As Pride floats were slowly prepared on South Beach, revelers for a different sort of celebration gathered in the Design District's Palm Court this past weekend. Locust Projects celebrated its annual Spring Fling fundraiser, a silent auction disguised as a black-and-white masquerade ball. The event was filled with Miami's art-world heavy hitters.
"Locust Projects runs on a very lean organization yet boasts one of the most ambitious arts programing in the city," said Lexing Zhang of Art Lexing and one of the night's hosts. "When they asked me to host this year's Spring Fling, I was totally flattered. All the funds raised are going to help the dream projects of their carefully selected artists and other forward-thinking programming that will benefit our community as a whole."
The affair was modeled after author Truman Capote's infamous black-and-white parties held to entertain New York high society. Back then, Andy Warhol, Bianca Jagger, Liza Minelli, and the like would mix and mingle while dressed in their monochromatic finest. Like Capote's fabled shindigs, Saturday night's celebration drew a who's who of local gallery owners, art fair organizers, artists, and aficionados for what has become the informal closing of Miami's art season.
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This art season saw a creative community in flux. Many galleries relocated north, major museums announced new directors, and several institutions debuted while others shuttered for renovations. Yet despite the increasing uncertainty that pervades the state of the art world, the crowd at Locust Projects' Spring Fling was all about revelry.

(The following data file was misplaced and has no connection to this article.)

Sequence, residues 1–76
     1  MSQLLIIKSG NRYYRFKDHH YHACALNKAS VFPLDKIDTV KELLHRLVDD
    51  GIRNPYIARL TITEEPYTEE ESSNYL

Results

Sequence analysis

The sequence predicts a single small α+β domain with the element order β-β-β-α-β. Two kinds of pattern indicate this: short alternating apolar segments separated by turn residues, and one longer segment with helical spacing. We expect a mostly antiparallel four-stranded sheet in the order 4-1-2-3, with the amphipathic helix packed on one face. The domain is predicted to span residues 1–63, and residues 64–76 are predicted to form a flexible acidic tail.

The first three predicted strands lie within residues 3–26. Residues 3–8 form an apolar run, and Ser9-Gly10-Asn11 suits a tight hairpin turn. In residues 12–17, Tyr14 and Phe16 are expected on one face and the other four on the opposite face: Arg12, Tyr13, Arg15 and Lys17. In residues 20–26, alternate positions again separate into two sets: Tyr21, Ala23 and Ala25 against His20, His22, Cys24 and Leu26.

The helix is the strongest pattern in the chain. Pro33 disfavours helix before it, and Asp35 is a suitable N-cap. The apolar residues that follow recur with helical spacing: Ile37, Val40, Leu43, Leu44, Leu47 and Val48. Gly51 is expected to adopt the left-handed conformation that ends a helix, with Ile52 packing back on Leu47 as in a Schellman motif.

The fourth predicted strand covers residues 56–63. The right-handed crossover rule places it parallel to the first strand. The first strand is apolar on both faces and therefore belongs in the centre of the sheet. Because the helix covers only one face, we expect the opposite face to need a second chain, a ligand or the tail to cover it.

The masquerade ball featured bites from Michelle Bernstein's Cena, Michael Shwartz's Ella, Macchialina, Lyon Lyon, and other restaurants. Attendees were entertained by a lineup of American standards performed by a group of musicians from the Frost School of Music. As the night wore on, attendees were encouraged to bid on several donated pieces of artwork and luxury items.
Overlooking the Design District's retail centerpiece, Palm Court Plaza, the event provided a view that testifies to the economic revival the arts have brought to the once-forgotten neighborhood. Nearby was the newly built Dior and Hermès stores, and cranes dotted the site of the new Institute for Contemporary Art (ICA). Although Locust Projects relocated to the fledging district in the late '90s, the effect that the gallery and other institutions like it have had on Miami still reverberates.
"It’s so important to support organizations such as Locust Projects," Art Wynwood director Grela Orihuela said. "Not only do they constantly push the envelope and allow artists to experiment, but they also engage with the local community in many ways. And more important, they bring national attention to Miami."